Juan Carlos I Antarctic StationEdit profile
Spain has been operating a summer only research station on Livingstone Island in Antarctica since 1988. The buildings on the site have now reached the end of their useful lives. An international competition was therefore organised for the redesign of the base. Hugh Broughton Architects were selected as winners with a dynamic design, which draws upon the firm’s unparalleled expertise working in extreme environments.
Livingstone Island is the second largest island in the South Shetland Islands archipelago, to the north west of the Antarctic Peninsula. In winter temperatures drop to around -25 C and in summer rise to an average 2 C, when the majority of snow on site melts. Strong winds buffet the station, regularly exceeding 160 Km/h. Logistics are managed through Ushuaia in Argentina and Punta Arenas in Chile, both of which are 4 days sailing away. The base currently provides accommodation for a maximum of 20 people and is constructed using containerised and modular igloo accommodation.
The new base will comprise a habitat module, separate science module and a series of support modules for services and storage. The habitat building comprises three wings of accommodation arranged around a central core while the science building is a separate structure far enough away to provide a refuge in case of a major fire within the habitat. The habitat will provide sleeping accommodation for 24 people, with the option to increase the population to 48 in the future. The orientation of the buildings makes best use of the site topography, with windows framing wonderful views of the surrounding land and seascapes.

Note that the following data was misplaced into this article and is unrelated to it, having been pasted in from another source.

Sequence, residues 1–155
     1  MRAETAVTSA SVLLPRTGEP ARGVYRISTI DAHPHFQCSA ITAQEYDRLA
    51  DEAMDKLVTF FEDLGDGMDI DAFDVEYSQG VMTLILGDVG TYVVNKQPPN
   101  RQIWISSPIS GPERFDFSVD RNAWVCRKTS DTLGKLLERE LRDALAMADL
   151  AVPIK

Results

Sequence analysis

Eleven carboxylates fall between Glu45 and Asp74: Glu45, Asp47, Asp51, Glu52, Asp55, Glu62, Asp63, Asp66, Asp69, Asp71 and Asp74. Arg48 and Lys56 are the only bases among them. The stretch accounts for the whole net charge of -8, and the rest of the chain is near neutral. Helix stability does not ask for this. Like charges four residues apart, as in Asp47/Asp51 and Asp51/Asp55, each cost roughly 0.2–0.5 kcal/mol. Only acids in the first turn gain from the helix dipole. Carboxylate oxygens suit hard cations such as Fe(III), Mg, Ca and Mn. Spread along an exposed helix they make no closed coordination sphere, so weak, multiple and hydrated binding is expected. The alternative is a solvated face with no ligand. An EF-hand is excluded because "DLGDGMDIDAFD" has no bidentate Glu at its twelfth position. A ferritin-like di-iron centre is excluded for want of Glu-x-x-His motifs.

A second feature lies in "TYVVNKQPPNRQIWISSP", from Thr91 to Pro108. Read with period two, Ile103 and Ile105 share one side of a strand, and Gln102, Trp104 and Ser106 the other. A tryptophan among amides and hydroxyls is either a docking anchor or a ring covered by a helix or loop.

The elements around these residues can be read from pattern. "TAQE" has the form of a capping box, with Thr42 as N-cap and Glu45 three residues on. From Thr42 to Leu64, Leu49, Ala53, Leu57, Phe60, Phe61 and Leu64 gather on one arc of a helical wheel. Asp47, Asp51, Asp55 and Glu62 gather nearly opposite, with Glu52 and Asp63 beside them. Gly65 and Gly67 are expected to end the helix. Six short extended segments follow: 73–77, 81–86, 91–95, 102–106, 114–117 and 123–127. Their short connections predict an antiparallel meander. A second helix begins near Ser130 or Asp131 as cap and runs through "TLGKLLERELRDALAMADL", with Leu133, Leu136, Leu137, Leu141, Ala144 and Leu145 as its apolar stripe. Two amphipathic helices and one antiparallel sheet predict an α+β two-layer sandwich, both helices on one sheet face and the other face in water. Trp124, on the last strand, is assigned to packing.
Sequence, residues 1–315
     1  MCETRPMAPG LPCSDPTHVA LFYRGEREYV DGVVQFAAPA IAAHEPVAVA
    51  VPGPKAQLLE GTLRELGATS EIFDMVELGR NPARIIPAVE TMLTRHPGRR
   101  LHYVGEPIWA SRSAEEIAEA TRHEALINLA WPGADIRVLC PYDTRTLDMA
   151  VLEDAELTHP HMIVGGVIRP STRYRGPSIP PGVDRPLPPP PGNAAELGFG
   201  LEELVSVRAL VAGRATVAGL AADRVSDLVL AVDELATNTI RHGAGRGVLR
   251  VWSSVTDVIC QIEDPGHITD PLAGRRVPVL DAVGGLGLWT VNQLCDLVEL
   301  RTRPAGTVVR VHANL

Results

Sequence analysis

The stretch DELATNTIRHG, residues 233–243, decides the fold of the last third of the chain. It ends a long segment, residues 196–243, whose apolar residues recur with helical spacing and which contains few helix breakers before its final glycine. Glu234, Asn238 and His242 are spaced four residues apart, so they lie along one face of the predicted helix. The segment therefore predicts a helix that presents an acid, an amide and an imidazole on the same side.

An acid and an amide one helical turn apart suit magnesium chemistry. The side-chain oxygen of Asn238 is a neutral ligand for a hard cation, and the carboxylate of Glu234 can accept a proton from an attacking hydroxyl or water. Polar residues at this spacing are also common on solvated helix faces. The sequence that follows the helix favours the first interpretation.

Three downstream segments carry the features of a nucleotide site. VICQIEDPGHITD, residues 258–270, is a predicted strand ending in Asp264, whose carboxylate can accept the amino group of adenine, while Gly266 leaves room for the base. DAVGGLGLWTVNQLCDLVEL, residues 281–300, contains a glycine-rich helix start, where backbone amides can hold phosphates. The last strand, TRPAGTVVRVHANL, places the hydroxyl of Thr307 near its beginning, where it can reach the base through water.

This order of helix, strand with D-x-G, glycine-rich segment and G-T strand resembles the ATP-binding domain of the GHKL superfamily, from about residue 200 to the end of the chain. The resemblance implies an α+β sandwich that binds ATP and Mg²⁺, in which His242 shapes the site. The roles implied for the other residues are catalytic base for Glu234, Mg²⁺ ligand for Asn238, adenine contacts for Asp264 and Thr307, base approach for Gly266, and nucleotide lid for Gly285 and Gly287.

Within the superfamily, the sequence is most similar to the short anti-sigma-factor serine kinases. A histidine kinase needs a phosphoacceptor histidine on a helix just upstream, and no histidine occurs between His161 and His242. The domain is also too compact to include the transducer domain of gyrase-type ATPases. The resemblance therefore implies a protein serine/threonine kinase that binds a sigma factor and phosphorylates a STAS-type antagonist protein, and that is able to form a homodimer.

The habitat and science buildings comprise modular fibre reinforced plastic monocoque rings supported on legs, with ancillary space suspended below. A monocoque structure combines the inherent strength of fibre reinforced plastics with the natural strength of a tubular geometry so that steel structure is not needed. This simplifies delivery of materials, construction and detailing.
The contemporary interior will be packed with areas for recreation and relaxation within a comfortable, uplifting environment designed to sustain both the community and the individual alike. Walls will be fabricated in cassette form to ease construction. All services will be easily accessible. Rooflights and glazed entrance areas will maximise daylight, reducing energy consumption and allowing the crew to continually engage with their surroundings.
The design aims to limit the station’s environmental impact while making best use of renewable energy. Solar and wind generated energy are already in use at Juan Carlos 1 to power scientific equipment during the winter months, when the station is unoccupied. The new designs will extend this power source to allow for expansion of science programmes and utilisation of renewable energy within the accommodation.
description by architects